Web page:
If a qualified default investment alternative (QDIA) is supposed to help employees, how can it increase your fiduciary risk? The QDIA is supposed to go under a due diligence screen similar to your other investments. This screen is your fiduciary liability unless you transfer the risk to a financial professional that takes on the risk of its selection, monitoring and replacement. Many financial professionals and the press say that the target date strategy is the most popular. They often then rush to recommend its use. However, what is it? And what are the other two choices?
A balanced QDIA
A balanced strategy is categorized by a mix of bonds and stocks typically split 50-50 between stocks and bonds. Many of the strategies have been around for a long time so one can get some sense of how they’ve done in good and bad markets. Ideally there has also been a change in who has been managing that strategy so you can see if a strong succession plan is in place for its management. Michael Falk notes that “A balanced-style, global, multi-asset class approach to investing is simply the more elegant solution.”1 He also cites Harry Markowitz, Nobel Prize winner for Modern Portfolio Theory split his allocation 50/50. What could help investor nerves is that the 50/50 split is based on a history of stocks and bonds moving in opposition. If you heard that the stock market was down, you would be mentally comforted assuming the bond market was up. Of course, past performance is no guarantee of future results.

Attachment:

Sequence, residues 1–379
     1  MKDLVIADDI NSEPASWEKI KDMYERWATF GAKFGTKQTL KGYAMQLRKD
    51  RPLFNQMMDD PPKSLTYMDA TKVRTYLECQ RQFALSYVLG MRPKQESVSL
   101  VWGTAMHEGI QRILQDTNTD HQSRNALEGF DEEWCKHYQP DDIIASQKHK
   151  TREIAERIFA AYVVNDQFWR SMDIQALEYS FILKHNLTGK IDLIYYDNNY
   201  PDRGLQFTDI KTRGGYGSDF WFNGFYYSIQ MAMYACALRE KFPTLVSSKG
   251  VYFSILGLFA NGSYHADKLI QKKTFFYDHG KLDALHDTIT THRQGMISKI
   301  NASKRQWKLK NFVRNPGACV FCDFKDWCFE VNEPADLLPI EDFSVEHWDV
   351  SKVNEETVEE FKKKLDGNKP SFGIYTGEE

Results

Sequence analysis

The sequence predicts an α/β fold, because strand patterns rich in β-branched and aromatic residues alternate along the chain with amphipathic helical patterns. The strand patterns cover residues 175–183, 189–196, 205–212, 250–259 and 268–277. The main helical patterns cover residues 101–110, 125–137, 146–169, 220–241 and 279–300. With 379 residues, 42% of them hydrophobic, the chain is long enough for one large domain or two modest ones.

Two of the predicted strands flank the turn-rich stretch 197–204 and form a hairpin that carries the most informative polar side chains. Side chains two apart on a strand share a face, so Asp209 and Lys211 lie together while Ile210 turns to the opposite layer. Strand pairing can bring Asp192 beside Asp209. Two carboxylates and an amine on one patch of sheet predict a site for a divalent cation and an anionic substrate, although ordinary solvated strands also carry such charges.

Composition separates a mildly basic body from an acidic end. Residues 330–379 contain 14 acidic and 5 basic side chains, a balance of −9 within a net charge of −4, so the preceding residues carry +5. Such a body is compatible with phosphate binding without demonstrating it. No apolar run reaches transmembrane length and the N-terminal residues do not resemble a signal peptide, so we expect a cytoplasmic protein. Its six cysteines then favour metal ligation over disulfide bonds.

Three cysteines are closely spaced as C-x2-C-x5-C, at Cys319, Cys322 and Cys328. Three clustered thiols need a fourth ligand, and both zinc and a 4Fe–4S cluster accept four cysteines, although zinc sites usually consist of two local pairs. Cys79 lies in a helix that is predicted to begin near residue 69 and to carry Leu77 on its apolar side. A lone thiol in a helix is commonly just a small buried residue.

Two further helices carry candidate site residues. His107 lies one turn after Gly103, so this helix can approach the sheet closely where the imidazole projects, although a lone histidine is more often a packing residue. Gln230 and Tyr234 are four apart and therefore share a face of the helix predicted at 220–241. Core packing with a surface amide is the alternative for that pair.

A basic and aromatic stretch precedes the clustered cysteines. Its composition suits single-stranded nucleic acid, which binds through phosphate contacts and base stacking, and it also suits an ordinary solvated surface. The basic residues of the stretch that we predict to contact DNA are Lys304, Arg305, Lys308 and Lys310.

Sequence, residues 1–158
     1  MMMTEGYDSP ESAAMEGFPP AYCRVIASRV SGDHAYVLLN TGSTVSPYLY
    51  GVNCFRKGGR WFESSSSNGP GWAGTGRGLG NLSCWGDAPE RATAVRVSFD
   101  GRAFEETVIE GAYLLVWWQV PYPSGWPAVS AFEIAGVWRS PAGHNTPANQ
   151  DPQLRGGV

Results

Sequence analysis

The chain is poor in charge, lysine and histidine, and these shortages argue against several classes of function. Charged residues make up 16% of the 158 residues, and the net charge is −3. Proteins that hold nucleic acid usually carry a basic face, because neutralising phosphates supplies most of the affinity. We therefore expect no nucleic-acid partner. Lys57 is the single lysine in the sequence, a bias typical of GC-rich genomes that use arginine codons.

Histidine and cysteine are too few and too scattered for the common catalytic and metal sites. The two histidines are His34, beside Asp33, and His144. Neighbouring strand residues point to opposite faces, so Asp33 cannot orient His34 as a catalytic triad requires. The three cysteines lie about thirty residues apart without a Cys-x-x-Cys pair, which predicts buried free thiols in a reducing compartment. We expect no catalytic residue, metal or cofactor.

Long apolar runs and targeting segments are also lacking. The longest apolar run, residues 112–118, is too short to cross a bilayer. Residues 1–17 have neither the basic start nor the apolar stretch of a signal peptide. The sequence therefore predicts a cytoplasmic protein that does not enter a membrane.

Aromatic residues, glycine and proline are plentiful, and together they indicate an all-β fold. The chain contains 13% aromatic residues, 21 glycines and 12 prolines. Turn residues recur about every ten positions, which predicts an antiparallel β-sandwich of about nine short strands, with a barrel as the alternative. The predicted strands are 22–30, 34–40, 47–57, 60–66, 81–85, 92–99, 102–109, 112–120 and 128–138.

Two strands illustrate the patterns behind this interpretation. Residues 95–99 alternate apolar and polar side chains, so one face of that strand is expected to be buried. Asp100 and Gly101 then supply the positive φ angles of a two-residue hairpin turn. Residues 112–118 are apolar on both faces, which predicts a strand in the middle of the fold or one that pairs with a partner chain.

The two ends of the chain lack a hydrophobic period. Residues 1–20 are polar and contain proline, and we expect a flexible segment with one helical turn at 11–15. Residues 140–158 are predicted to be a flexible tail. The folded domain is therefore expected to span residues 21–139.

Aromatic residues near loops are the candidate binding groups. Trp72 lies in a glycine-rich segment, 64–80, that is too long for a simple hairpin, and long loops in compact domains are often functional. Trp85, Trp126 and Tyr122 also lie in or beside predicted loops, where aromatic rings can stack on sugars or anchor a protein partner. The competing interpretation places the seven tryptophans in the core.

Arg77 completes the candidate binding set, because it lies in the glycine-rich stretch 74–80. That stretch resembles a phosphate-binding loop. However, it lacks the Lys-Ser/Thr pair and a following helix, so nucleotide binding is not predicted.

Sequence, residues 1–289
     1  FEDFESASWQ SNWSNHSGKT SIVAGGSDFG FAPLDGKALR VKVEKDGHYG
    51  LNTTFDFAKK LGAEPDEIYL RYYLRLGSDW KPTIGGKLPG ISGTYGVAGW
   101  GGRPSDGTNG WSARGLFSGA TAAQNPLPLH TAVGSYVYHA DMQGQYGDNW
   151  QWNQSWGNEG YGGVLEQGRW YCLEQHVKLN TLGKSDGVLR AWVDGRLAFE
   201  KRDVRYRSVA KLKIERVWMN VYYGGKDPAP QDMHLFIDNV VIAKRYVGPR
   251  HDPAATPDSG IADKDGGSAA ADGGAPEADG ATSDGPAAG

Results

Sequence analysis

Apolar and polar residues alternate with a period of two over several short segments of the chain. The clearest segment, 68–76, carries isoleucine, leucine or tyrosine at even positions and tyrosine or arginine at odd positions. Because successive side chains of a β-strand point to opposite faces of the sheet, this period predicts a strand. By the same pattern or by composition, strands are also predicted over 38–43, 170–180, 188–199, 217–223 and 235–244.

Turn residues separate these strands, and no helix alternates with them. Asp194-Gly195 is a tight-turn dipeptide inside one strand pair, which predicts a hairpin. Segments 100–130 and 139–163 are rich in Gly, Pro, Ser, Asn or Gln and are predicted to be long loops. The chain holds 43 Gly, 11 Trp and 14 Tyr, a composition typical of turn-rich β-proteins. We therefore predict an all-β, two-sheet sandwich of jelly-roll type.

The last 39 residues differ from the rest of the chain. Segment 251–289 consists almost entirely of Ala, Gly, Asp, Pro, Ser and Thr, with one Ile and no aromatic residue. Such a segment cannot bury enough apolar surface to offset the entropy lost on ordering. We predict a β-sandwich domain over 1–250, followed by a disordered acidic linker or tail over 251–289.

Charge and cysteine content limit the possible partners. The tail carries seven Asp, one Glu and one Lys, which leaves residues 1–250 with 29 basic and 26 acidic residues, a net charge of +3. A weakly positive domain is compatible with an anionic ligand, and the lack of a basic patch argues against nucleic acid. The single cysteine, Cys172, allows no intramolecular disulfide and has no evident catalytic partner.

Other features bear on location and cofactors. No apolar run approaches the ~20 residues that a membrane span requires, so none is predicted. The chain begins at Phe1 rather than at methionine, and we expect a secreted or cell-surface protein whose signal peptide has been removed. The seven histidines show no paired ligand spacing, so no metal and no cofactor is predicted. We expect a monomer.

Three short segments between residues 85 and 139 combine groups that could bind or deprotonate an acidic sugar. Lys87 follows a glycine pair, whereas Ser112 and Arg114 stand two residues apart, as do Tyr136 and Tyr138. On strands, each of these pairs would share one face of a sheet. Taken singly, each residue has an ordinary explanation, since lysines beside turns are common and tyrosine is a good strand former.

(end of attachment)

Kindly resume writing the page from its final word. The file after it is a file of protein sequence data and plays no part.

The balanced approach could use investments from one company or investments from a multitude of companies. It is relatively simple to develop a benchmark comparison for your investment policy statement. You could pick the blended return of 50% S & P 500 and 50% MSCI Bond.
A risk-based QDIA
A risk-based strategy could be all stock and no bonds 80% stock and 20% bond and varying increments down to 100% bond and no stock. The concept dates back to Harry Markowitz’s Ph.D. work which was later given a Nobel Prize. Harry Markowitz work proposed varying the percentage of stocks and bonds to create varying portfolios that were ideal in risk and return. One can simply pick a strategy that fits one’s own risk and return profile. You could choose one based on the demographics of your employees. For example, if they are older you may make it 40% bond/60% stock. There are many considerations that should be considered with a credentialed retirement plan advisor/consultant.
The targeted date strategy QDIA
The target date strategy has become the go to choice for many companies. It benefits from the “everybody’s doing it” effect. The target date strategy takes the target risk strategy and adds an additional complexity referred to as a glide path. An institution makes a decision on rate of decrease in market risk one should experience as they age. Essentially imagine stacking Harry Markowitz’s portfolios next to each other in descending order. However, no one has won a Nobel Prize for glide path. In fact, Falk highlights a body of evidence that argues for actually increasing risk over time.